### Cell Factories

I like abstract factories. This allows me to generate the entire board, simply by enumerating the BoardPosition values:

public interface ICellFactory<TCell> where TCell : IBoardCell
{
TCell Create(BoardPosition position);
}

public class BoardFactory : ICellFactory<SmallBoard>
{

public BoardFactory(BoardEvaluator evaluator, BoardCellFactory cellFactory)
{
_evaluator = evaluator;
_cellFactory = cellFactory;
}

public SmallBoard Create(BoardPosition position)
{
return new SmallBoard(position, _evaluator, _cellFactory);
}
}

public class BoardCellFactory : ICellFactory<BoardCell>
{
public BoardCell Create(BoardPosition position)
{
return new BoardCell(position);
}
}


### BoardEvaluator

The logic that determines whether a board has a winner, and what BoardPosition values contain the winning moves, is encapsulated in this BoardEvaluator class:

public class BoardEvaluator
{
_wins = new Tuple<BoardPosition, BoardPosition, BoardPosition>[]
{
// horizontal wins
Tuple.Create(BoardPosition.TopLeft, BoardPosition.Top, BoardPosition.TopRight),
Tuple.Create(BoardPosition.Left, BoardPosition.Center, BoardPosition.Right),
Tuple.Create(BoardPosition.BottomLeft, BoardPosition.Bottom, BoardPosition.BottomRight),

// vertical wins
Tuple.Create(BoardPosition.TopLeft, BoardPosition.Left, BoardPosition.BottomLeft),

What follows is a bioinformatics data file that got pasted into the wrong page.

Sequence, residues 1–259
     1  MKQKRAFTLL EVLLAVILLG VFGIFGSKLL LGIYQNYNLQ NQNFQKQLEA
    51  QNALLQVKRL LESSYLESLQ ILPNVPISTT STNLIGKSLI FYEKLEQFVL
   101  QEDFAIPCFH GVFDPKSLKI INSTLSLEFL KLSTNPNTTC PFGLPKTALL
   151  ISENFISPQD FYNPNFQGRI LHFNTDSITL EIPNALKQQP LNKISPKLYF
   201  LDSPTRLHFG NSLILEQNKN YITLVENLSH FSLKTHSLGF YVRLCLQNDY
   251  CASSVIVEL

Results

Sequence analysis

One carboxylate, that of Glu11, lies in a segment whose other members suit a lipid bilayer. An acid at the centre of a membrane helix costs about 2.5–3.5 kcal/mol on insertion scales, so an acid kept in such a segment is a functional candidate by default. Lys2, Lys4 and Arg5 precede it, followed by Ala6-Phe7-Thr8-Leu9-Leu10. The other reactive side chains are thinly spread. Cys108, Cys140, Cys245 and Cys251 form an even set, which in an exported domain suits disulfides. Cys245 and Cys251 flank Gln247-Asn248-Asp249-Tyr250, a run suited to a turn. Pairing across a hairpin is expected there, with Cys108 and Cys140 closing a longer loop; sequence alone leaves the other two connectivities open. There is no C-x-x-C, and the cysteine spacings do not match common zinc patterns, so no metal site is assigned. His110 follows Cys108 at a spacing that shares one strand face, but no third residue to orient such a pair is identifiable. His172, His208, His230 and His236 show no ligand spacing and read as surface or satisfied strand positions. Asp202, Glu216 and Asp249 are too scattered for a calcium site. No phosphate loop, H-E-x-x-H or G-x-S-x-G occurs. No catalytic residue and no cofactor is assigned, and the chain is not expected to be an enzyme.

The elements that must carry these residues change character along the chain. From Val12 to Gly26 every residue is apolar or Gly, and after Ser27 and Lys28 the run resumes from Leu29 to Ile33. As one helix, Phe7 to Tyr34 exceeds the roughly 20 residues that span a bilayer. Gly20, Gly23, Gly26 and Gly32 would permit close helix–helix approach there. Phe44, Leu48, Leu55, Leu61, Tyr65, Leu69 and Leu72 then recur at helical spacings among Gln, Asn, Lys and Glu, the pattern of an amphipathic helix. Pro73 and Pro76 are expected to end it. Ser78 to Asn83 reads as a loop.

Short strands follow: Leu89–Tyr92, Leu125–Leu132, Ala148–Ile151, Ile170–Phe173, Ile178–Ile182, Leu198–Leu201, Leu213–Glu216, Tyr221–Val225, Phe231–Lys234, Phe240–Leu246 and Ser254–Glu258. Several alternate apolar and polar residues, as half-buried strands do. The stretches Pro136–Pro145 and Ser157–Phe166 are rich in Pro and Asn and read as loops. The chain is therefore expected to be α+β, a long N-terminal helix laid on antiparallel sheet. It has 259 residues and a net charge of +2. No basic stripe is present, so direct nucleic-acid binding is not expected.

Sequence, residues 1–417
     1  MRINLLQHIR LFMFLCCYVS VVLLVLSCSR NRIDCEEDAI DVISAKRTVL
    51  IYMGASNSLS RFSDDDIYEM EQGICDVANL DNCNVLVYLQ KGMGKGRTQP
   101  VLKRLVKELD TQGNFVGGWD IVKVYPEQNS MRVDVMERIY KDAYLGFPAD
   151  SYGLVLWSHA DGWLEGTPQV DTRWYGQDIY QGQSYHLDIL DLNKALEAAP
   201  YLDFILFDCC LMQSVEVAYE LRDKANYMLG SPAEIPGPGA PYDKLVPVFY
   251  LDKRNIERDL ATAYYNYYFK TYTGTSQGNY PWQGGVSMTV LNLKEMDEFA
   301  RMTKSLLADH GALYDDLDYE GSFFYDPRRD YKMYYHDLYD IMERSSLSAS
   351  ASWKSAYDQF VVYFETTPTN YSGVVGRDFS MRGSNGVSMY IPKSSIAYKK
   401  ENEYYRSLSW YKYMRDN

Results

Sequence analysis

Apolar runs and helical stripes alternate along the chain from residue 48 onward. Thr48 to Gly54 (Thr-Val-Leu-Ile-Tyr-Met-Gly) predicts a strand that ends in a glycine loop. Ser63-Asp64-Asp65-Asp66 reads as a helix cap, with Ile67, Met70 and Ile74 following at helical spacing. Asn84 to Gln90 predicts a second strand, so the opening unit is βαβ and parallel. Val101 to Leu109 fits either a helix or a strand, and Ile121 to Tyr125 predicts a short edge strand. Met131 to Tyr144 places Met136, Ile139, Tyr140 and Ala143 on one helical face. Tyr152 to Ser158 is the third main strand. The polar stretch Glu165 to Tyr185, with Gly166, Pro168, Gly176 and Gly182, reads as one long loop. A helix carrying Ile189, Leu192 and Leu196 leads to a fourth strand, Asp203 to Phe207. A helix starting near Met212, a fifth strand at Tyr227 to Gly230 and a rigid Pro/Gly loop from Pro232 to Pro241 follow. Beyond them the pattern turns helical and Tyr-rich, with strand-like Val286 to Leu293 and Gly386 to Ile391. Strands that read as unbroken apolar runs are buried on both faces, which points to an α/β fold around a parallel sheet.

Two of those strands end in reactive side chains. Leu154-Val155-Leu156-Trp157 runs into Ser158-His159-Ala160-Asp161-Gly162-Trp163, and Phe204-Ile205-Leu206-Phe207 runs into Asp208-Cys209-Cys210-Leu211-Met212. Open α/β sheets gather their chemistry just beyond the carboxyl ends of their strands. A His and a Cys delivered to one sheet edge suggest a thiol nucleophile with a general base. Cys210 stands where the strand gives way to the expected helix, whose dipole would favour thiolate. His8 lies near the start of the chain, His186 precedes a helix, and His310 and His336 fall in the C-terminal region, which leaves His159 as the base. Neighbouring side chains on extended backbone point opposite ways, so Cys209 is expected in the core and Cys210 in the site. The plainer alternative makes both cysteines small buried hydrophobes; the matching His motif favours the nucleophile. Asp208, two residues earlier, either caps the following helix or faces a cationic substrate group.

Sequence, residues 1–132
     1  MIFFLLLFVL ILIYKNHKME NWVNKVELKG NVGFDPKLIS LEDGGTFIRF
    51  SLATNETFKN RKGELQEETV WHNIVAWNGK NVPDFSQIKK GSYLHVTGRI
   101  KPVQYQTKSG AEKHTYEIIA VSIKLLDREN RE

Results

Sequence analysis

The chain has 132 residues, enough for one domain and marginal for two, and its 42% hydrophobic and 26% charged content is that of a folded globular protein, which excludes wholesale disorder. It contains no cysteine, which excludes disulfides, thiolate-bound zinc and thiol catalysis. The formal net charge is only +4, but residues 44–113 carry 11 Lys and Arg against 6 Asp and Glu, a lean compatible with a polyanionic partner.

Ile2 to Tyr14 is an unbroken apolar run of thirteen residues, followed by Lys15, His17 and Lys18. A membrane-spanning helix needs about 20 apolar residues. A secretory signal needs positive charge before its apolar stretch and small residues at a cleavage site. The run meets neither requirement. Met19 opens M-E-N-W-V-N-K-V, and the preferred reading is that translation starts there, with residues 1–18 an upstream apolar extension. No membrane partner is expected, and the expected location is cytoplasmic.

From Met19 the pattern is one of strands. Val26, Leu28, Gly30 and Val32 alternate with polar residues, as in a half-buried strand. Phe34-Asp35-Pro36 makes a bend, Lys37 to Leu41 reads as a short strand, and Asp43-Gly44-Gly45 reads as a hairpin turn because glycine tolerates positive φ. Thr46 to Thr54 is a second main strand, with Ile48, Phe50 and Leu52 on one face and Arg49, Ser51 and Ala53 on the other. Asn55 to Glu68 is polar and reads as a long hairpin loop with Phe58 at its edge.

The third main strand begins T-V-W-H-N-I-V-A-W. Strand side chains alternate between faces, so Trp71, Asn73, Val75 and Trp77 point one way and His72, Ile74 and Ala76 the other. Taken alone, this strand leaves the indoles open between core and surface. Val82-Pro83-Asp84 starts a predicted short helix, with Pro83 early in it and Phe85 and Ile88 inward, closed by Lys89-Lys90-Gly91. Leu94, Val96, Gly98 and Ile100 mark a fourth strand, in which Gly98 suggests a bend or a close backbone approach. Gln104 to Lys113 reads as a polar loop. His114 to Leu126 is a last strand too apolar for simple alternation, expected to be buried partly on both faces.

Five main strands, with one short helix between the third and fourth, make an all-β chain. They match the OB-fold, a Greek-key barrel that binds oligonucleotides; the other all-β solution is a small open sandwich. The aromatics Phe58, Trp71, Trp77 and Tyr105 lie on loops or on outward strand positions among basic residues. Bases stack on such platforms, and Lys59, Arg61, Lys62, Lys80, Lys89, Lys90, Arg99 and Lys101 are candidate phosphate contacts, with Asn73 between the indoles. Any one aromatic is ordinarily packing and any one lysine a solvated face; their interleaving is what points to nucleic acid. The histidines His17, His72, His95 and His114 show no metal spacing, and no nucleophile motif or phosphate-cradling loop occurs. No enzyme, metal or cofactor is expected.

Tuple.Create(BoardPosition.Top, BoardPosition.Center, BoardPosition.Bottom),
Tuple.Create(BoardPosition.TopRight, BoardPosition.Right, BoardPosition.BottomRight),

// diagonal wins
Tuple.Create(BoardPosition.TopLeft, BoardPosition.Center, BoardPosition.BottomRight),
Tuple.Create(BoardPosition.BottomLeft, BoardPosition.Center, BoardPosition.TopRight)
};

public CellValue? Evaluate<TCell>(IDictionary<BoardPosition, TCell> cells, out IEnumerable<BoardPosition> positions)
where TCell : IBoardCell
{
if (Enum.GetValues(typeof(BoardPosition)).Length != cells.Count) throw new ArgumentException("Invalid cell count.", "cells");

var winning = Enum.GetValues(typeof(CellValue)).Cast<CellValue>()
.Select(value => WinningPositions(cells, value))
.SingleOrDefault(tuple => tuple != null);

positions = winning != null
? new[] { winning.Item1, winning.Item2, winning.Item3 }
: null;

return winning != null
? cells[winning.Item1].Value // all 'winning' positions have the same value.
: null;
}

private Tuple<BoardPosition, BoardPosition, BoardPosition> WinningPositions<TCell>(IDictionary<BoardPosition, TCell> cells, CellValue? value)
where TCell : IBoardCell
{
return _wins.SingleOrDefault(win => cells[win.Item1].Value == value
&& cells[win.Item2].Value == value
&& cells[win.Item3].Value == value);
}
}


I think this is where the enum positions deliver their payload, especially in terms of readability. I have to admit, I'm really not crazy about out parameters. I can live with this one, but I'd love to see it gone and turned into a regular return value... or maybe sometimes an out parameter is ok? Is this such a situation?

That's about it for now. I also have a IPlayer interface, but that's not implemented yet so I'll keep that for when I want to get the playability reviewed (game mechanics/logic).

So, is this what looks like? What could be improved?

(I also have some XAML to be reviewed for this project

-

It all started with a CellValue and a BoardPosition

You could use bool? for a ternary CellValue; but a named enum makes it more self-documenting.

You could code your BoardPosition as a bunch of flyweights:

public class BoardPosition // or struct
{
public int Row { get; private set; }
public int Column { get; private set; }

public static BoardPosition TopLeft = new BoardPosition() { Row = 0; Column = 0; };